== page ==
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Moving on Out: Some Offices Already Packed Up

Capitol Hill is anticipating a tsunami of moving come January, but a small ebb tide will wash five Congressional offices out to sea in November.

Democratic Sens. Carte Goodwin (W.Va.) and Ted Kaufman (Del.) are finishing moving out.

Goodwin, appointed July 16 to fill the vacancy created by the death of Sen. Robert Byrd (D), and Kaufman, picked Jan. 15, 2009, to fill now-Vice President Joseph Biden’s seat, will step down as soon as the winners of special elections in their states are confirmed. That could be as soon as Nov. 15, the first day of the lame-duck session.

An Illinois special election will decide the successor to Sen. Roland Burris (D) perhaps by month’s end, as the Illinois State Board of Elections has a full month to confirm the next Senator in President Barack Obama’s old seat.

Meanwhile, two vacancies in the House, caused by the scandalous departures of Reps. Eric Massa (D-N.Y.) and Mark Souder (R-Ind.), will presumably be filled Nov. 15.

All of the offices have been archiving documents and packing to make room for the special election victors, who will move in immediately upon confirmation.

Congress hasn’t seen this many Senate transitions in November since 1964, when special elections brought in three new Senators. That year, four new House Members were elected in specials, too, but the phenomenon is more common in that chamber.

Whether the winners will be seated swiftly sans recounts or legal challenges remains to be seen. But staffers in these five offices aren’t sticking around to find out.

The former offices of Massa and Souder planned to close their doors today. After the disgraced Members resigned, the Clerk of the House took over the abandoned staffers, paying them to work as staff for the Congressional districts.

But today, they are unemployed. As of midday Monday, Souder’s former second-floor Rayburn House Office Building space was tidily empty. Furniture and computers remained for Souder’s successor, expected to be GOP state Sen. Marlin Stutzman.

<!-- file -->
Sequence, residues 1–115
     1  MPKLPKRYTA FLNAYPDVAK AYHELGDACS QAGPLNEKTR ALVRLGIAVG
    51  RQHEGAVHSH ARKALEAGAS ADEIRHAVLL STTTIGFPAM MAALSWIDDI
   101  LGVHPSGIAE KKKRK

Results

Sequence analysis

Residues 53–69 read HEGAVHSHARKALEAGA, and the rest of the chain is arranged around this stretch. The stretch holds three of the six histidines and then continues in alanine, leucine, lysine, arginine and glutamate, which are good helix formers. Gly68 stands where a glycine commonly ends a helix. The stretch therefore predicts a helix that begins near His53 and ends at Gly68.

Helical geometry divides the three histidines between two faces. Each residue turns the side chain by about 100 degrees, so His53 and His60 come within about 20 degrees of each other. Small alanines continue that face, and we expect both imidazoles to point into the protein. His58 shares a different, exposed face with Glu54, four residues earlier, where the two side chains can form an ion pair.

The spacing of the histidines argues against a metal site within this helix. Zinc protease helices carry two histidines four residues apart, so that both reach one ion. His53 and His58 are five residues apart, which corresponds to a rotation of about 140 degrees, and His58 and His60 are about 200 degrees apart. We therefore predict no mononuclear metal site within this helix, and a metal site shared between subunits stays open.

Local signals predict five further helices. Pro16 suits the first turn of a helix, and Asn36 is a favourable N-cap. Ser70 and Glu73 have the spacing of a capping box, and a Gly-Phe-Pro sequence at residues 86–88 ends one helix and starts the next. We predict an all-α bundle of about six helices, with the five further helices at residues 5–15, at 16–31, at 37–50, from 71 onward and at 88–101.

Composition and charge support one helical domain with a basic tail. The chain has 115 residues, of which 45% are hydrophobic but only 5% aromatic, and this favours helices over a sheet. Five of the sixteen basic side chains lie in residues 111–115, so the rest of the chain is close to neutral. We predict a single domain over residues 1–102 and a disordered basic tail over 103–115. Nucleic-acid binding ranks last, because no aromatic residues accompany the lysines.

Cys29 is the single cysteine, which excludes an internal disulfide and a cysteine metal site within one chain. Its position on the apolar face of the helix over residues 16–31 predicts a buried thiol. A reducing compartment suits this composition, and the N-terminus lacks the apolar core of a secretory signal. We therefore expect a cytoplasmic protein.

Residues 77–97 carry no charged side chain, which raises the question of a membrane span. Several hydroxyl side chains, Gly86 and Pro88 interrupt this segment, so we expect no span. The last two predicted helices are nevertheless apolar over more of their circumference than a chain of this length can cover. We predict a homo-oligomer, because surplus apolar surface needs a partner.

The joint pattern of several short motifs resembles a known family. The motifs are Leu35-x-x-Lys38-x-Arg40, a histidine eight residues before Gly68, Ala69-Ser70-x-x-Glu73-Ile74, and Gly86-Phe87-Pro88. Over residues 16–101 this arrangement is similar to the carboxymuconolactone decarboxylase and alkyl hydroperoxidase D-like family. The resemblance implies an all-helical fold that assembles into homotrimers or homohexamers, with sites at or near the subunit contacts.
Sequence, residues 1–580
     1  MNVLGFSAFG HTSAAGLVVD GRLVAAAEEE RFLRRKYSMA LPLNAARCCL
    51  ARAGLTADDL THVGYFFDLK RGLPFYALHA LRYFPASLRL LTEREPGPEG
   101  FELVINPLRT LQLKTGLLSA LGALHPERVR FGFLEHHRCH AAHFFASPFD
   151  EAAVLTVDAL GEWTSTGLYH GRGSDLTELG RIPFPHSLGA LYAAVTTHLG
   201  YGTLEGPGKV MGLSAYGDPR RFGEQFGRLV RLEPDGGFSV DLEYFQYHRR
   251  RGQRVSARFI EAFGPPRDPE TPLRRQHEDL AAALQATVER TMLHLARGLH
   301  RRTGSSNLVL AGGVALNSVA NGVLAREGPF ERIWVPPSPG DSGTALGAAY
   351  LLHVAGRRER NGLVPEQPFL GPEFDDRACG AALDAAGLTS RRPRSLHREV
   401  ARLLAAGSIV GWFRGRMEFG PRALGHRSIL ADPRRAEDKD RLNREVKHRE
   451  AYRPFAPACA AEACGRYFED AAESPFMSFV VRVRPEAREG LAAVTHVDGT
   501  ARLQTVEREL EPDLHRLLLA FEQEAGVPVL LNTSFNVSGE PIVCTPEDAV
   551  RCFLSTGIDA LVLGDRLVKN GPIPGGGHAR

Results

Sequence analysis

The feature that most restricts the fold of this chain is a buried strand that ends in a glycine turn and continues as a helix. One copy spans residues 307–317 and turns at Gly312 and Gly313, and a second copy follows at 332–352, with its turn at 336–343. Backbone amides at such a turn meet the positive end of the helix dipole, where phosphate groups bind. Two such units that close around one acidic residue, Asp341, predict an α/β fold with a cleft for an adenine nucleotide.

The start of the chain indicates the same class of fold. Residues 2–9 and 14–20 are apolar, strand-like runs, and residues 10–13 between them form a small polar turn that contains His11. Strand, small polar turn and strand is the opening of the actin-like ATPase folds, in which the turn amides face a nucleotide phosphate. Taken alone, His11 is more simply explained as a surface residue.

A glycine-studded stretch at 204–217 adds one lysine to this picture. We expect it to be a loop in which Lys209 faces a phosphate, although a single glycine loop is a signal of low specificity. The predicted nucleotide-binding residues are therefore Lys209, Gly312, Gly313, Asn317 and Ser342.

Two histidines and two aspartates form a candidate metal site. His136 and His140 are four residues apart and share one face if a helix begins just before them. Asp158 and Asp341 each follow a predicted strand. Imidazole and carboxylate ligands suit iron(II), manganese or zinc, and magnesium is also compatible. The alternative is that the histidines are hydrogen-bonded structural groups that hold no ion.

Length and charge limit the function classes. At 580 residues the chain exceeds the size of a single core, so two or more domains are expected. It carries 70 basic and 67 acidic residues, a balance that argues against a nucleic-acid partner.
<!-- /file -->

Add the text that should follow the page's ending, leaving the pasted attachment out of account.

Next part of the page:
Of the nine staffers employed there, four had not yet gotten new jobs, said a staffer familiar with the office. But with an imminent GOP wave and a Republican expected to fill that office, the staffers might have good prospects, sources said.

In Massa’s second-floor Longworth House Office Building digs, staffers aren’t so lucky, according to sources familiar with their situation. Former Corning Mayor Tom Reed (R) is projected to win, leaving the Democratic staff with little chance of being rehired. The office was still littered with papers, posters and computer equipment Monday afternoon.

Of the 11 staffers employed there, four resigned, two got new jobs and five stayed on after Massa quit. They have been looking for new jobs, but it’s a hard sell.

“It’s a tough year for Democrats, and then they also had the whole Massa thing hanging over their heads,” a staffer familiar with the office said.

The Clerk of the House provides all defeated or retiring Members’ staff with information about unemployment benefits and interim health care, a source in the Clerk’s office said.

Meanwhile, Kaufman staffers have been packing up personal items for weeks, said a staffer in that office.

“Everyone’s basically in box-up archives mode,” the staffer said, adding that they’ll donate the archives to the University of Delaware. “But we have it a lot easier than a lot of offices because we’ve only been here two years.”

Some of Kaufman’s staff carried over from Biden. If Democrat Chris Coons can best GOP challenger Christine O’Donnell, as he is expected to, some of those staffers have hopes of sticking around for a third boss, the source said.

Burris staffers have been archiving documents, too, but a staffer in that office said that as of Monday, they hadn’t done too much material packing.

If the heated race between Illinois Treasurer Alexi Giannoulias (D) and Rep. Mark Kirk (R) results in a contested election, Burris could keep his seat through December and Democratic staffers will have to wait to see about staying put.

The same stands for Goodwin staffers, who are watching a neck-and-neck race between Democratic Gov. Joe Manchin and GOP challenger John Raese.

Goodwin’s office wouldn’t comment, but packing might be easier for them.

“They haven’t been in office terribly long, so they don’t have 40 years of files to archive,” said Jean Bordewich, staff director of the Senate Rules and Administration Committee.

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